Starbucks blocks electrical outlets in its cafes – What?


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As you may have heard from the media, some Starbucks stores are blocking electrical outlets. Since I have been involved with the company and written The Starbucks Experience, I am often asked about decisions that affect Starbucks customers. For today’s blog, I thought I would share my response to a recent inquiry concerning the “outlet issue” as posed by reporter from the Ma’ariv Newspaper in Israel. So here’s my take..

“I should preface my remarks by noting that to my understanding the decision to block power outlets was not a corporate one but instead was being made by some Starbucks store managers. The stores that I am aware of are in NYC where seating space is difficult to secure given that some customers huddle around power outlets for hours. These store level decisions are consistent with an overarching Starbucks goal of creating the highest quality coffee house experience that serves as the living room for the community. I view such decisions as utilitarian in nature and in keeping with the key experiential offering of the brand – to facilitate a welcoming environment where people can have a conversation over a cup of coffee.

Starbucks was never designed to be a cybercafe and leaders were reluctant to make “wi-fi” free, in part due to the types of complexities being addressed in Manhattan at present. Other American cafe brand’s like Panera Bread (which embraced free wifi early on) have had to place limits on how much wifi time individuals can have at peak hours. While personally I am not a fan of having to take such dramatic steps as to block power outlets, I am also aware that some customers do not concern themselves with the impact of their behavior on other customers and do not consider the good of the business that so generously provides the electricity and other comforts they enjoy. I believe Starbucks may have to address this challenge in a more systemic way over time but for now I appreciate that the store managers are trying to find ways to keep the coffeehouse experience from becoming a campground or internet haven.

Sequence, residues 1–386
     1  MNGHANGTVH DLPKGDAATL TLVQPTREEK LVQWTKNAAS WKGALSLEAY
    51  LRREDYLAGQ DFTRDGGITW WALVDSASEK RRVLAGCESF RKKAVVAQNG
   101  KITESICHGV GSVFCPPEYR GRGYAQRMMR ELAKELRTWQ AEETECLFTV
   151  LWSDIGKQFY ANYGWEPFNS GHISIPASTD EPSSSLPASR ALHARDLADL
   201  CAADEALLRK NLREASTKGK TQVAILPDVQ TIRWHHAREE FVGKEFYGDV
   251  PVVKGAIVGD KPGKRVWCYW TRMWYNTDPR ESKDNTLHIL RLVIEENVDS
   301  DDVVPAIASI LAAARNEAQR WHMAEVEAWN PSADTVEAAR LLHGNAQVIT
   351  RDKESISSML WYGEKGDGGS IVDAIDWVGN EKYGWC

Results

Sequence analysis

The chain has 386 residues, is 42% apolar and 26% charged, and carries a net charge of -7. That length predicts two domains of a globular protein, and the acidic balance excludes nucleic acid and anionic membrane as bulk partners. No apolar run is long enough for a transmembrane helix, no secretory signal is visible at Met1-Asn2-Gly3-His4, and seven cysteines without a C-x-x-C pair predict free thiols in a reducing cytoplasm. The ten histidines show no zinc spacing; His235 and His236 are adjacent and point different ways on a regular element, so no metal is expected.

I was in Hong Kong recently and noted a similar challenge for IKEA’s experience. While the shopping experience is designed for people to spend ample time perusing merchandise and purchasing items (complete with low cost meals, a supervised child care area, and ample showrooms), I observed people making IKEA into a daylong mini-vacation complete with napping on showroom furniture . Great brands find effective ways to maximize their optimal experience for as many as they can effectively serve. As consumer behavior poses challenges, company’s like Starbucks, Panera, and IKEA typically cobble together interim solutions and if needed develop more strategic course corrections.”

What consumer behavior challenges do you face which require solutions to serve that broadest quality experience possible? How would you solve the “wifi” challenge at Starbucks?

Republished with author's permission from original post.

Joseph Michelli, Ph.D.
Joseph Michelli, Ph.D., an organizational consultant and the chief experience officer of The Michelli Experience, authored The New Gold Standard: 5 Leadership Principles for Creating a Legendary Customer Experience Courtesy of The Ritz-Carlton Hotel Company and the best-selling The Starbucks Experience: 5 Principles for Turning Ordinary Into Extraordinary.


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